Programme no. 131-OP
Professional Development
Is patients’ loneliness a matter for general practice? A qualitative study
Thorkil Thorsen*1, Frans Boch Waldorff2, Tina Due*3
1The Research Unit for General Practice and Section of General Practice, Department of Public Health,University of Copenhagen,Copenhagen,Denmark, 2The Research Unit for General Practice and Section of General Practice, Department of Public Health, University of Copenhagen and Research Unit of General Practice, Department of Public Health,University of Southern Denmark, Odense,Copenhagen,Denmark, 3The Research Unit for General Practice and Section of General Practice, Department of Public Health,University of Copenhagen,Copenhagen,Denmark
* = Presenting author
Objectives: This study focuses on GPs awareness of the consequences of loneliness and on their attitudes towards and perception of possibilities to actively address the issue of loneliness during consultations.
Background: Loneliness is linked to morbidity and mortality and use of social and health services resources. Therefore, general practitioners might have an important role to play – or do they? Not much is known about how GPs handle loneliness in their patients, and not much is known about the GPs’ attitude and willingness to take on this task.
Results: The interviewed GPs’ spontaneous reaction to our request for an interview focusing on loneliness was that they did not have any lonely patients or at least that they did not know of any. However, when the interviewer turned up a couple of weeks later they all had case stories of lonely patients to tell.

The interviewees had slightly different definitions of loneliness, but these differences did not seem to affect their attitudes and behavior regarding lonely patients. Some were hesitant to mention the word loneliness in conversation with the patient and to write it in the record, although they regarded loneliness as a critical factor for disease and recovery. The interviewees all regarded social network and loneliness to be a natural part of an anamnesis when relevant, but they did not consider it obvious to investigate feelings of loneliness in patients as an isolated task of theirs. Reasons mentioned for this was that just “diagnosing loneliness” was of limited use – or might be contraindicated – because GPs themselves normally have no tools or options to alleviate this feeling. Knowledge of municipal and other support activities for lonely people that GPs can refer to or recommend was limited.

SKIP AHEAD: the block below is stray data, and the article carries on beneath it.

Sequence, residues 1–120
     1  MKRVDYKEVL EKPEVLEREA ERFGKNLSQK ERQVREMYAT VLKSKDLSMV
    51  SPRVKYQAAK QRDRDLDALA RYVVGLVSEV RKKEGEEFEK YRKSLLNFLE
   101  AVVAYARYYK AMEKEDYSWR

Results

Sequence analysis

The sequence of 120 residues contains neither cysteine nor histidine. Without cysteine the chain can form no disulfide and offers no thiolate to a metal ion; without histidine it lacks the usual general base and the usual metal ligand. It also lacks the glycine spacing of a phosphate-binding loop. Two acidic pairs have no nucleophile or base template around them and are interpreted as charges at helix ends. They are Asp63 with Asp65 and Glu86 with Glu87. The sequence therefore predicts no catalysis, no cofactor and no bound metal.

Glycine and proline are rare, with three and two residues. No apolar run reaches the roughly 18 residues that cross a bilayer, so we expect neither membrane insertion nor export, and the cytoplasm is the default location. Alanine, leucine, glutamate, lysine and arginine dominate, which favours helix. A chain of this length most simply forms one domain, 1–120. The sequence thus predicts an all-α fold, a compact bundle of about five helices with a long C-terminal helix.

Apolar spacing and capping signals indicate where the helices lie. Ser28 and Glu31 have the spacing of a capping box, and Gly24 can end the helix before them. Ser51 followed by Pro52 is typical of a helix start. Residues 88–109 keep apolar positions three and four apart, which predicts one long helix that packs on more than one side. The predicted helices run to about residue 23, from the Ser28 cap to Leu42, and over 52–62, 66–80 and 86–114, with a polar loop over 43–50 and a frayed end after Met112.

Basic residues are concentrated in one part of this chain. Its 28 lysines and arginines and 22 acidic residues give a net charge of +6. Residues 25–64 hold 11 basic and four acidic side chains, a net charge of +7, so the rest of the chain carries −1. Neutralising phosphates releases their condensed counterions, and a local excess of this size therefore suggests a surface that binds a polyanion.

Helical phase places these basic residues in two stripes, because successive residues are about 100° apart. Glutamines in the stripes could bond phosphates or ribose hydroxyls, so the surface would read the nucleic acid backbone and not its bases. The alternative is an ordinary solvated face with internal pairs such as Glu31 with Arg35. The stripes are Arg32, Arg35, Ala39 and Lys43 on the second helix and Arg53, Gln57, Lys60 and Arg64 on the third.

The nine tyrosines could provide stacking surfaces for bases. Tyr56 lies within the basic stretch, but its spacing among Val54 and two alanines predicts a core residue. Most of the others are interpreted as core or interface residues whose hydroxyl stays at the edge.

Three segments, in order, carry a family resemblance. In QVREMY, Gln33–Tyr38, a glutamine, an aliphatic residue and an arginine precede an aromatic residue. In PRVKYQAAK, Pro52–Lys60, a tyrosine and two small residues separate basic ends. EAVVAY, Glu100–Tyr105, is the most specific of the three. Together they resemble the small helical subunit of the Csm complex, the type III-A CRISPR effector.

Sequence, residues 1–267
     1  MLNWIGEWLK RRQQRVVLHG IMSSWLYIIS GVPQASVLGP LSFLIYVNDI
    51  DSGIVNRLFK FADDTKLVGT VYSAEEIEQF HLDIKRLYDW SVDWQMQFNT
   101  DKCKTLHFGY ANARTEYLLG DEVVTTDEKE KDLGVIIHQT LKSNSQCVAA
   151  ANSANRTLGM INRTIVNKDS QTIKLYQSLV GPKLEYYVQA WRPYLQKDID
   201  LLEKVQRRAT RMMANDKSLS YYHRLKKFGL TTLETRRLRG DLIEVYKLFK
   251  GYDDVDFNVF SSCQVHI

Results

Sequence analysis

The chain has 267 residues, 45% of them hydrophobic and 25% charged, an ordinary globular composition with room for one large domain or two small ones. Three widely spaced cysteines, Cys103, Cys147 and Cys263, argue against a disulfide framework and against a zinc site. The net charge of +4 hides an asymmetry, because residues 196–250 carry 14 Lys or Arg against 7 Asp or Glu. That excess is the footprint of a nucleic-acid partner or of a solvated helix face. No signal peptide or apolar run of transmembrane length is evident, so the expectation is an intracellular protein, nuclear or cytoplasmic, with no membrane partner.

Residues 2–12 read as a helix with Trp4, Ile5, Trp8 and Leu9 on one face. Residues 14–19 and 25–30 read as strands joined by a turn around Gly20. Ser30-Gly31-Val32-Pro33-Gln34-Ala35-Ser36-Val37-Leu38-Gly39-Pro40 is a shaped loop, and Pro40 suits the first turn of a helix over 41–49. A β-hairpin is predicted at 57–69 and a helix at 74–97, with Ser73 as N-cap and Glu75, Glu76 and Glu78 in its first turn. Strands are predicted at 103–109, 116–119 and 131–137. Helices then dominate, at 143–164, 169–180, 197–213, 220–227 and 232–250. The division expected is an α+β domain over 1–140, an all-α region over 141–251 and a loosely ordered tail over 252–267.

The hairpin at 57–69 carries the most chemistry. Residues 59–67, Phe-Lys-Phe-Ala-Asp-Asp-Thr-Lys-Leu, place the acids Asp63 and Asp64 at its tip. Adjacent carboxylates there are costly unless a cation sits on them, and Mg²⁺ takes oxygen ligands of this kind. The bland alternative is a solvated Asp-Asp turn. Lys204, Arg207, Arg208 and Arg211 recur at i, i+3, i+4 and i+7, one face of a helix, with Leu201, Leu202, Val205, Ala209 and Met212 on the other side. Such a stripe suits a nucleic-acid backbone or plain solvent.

Material/Methods: We performed semi-structured interviews with 13 Danish general practitioners partly from an urban area and partly from a rural area. The interviews were transcribed verbatim for thematic analysis.
Conclusion: General practitioners regarded patients’ loneliness as an important factor for disease and health. The dominant feeling of the GPs was that they themselves cannot help the patient get rid of the feeling of loneliness. GPs should have updated information on relevant activities outside general practice in order to guide and refer lonely patients.
Points for discussion: Should general practitioners take an interest in loneliness in their patients? How should they address the topic?